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UK North Sea: A step-change in imaging quality

New OBN imaging illuminates the full potential of deeply buried and salt-influenced reservoirs.
This article appeared in Vol. 19, No. 4 - 2022

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Depth slice through the Fram field. Source: CGG It is often said the best place to find oil is in an oil field and if that is true then perhaps the second-best place to find oil would be below an existing oil field. These principles, along with a focus on targeting complex high-pressure, high-temperature (HPHT) reservoirs to address industry needs, motivated CGG to acquire in 2020 a 1,650 km2 high-density Ocean Bottom Node (OBN) multi-client survey with Magseis Fairfield across two highly prospective areas in the UK Central North Sea (Figure 1).

The targeted Cornerstone OBN survey combined with CGG’s latest imaging technology complements CGG’s regional high quality Cornerstone Evolution towed-streamer surveys by generating subsurface images of unprecedented quality in the most challenging areas to significantly de-risk field development and near-field exploration.

  • Figure 1: Location map for the OBN Phase 1A and 1B surveys overlying CGG’s Cornerstone Evolution towed-streamer surveys.

Location and Brief Exploration History

Phase 1A of the OBN survey covers the Marnock field, at the heart of the Eastern Trough Area Project (ETAP), which produces gas condensate from Triassic Skagerrak Formation sandstone reservoirs. Also covered are the Mungo, Monan and Mirren fields which all produce mainly oil from Paleocene Forties Formation sandstone reservoirs within four-way dip-closures created and pierced by the diapiric movement of Permian Zechstein salt.

The fields contain steeply dipping reservoir units with widespread slumping and sliding observed (Pooler & Amory, 1999). The Murlach field, previously named Skua, which produced oil and gas between 2001-2004, and the Birgitta gas condensate discovery are currently being developed as tie-backs to ETAP with both expected to commence production by 2025. Both will produce from Skagerrak Formation reservoirs.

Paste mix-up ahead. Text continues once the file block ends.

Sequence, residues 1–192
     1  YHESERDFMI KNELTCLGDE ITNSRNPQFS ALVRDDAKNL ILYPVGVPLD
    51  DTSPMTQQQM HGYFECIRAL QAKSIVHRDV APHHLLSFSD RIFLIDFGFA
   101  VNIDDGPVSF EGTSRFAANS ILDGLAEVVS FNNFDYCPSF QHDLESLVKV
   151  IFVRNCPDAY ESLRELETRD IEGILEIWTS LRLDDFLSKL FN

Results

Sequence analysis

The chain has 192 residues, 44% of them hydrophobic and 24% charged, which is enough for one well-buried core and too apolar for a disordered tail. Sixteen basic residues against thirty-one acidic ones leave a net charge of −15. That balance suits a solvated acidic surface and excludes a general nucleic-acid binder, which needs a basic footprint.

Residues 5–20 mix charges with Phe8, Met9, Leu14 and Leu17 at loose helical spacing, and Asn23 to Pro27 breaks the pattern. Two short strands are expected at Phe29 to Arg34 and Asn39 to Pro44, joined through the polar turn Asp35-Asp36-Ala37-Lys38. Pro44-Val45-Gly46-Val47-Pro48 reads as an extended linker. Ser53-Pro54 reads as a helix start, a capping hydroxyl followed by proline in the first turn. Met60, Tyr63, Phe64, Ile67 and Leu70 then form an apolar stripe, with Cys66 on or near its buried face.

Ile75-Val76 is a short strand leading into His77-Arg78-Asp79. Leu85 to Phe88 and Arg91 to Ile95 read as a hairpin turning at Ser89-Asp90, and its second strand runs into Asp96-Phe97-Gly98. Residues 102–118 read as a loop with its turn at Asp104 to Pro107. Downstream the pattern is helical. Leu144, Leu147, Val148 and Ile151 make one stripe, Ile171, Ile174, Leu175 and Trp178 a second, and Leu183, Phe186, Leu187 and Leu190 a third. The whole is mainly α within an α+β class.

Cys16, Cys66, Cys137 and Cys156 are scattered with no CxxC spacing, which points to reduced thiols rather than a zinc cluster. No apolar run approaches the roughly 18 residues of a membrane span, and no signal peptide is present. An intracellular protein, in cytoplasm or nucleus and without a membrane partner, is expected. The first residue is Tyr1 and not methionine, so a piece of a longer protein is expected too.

The smaller Phase 1B of the OBN survey is centered over the Fram field which began production in 2020. After an earlier unsuccessful attempt to appraise Fram through development using a standalone FPSO in 2012-13, it is now tied-back to the Shearwater platform. The Fram field produces gas condensate from Forties Formation sandstones within a four-way dip-closure pierced by a Zechstein salt diapir.

The survey also covers Capercaillie, discovered in 1983 and successfully appraised in 2017, with a tie-back to the Stella hub planned. This light oil and gas condensate accumulation, within a three-way dip-closure with pinch-out of the Lower Eocene Rogaland sandstone reservoir towards the southwest, is part of the same play that contains the Abigail and Vorlich fields.

OBN Versus Towed-Streamer

The Phase 1A and 1B datasets imaged with CGG’s proprietary TLFWI technology deliver a step-change in imaging quality even when compared to CGG’s market-leading towed-streamer Cornerstone Evolution multi-client surveys. The biggest uplift is observed below the Base Cretaceous Unconformity (BCU), on the steeply dipping flanks of Zechstein salt diapirs and beneath those same salt diapirs (Figure 3).